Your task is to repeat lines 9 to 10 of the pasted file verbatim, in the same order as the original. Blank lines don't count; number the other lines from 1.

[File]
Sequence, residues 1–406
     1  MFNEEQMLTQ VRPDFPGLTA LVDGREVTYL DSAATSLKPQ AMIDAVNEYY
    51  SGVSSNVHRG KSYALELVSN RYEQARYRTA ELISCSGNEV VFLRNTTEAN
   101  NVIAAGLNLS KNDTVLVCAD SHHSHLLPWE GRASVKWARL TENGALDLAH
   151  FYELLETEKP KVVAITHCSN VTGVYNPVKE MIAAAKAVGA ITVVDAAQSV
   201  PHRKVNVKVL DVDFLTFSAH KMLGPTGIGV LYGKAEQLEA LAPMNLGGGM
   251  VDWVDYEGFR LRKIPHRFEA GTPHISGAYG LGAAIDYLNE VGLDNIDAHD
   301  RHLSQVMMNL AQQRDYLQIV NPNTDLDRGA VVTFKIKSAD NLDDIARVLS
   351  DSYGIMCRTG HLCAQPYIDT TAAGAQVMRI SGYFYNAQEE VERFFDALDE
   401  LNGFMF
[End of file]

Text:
   351  DSYGIMCRTG HLCAQPYIDT TAAGAQVMRI SGYFYNAQEE VERFFDALDE
   401  LNGFMF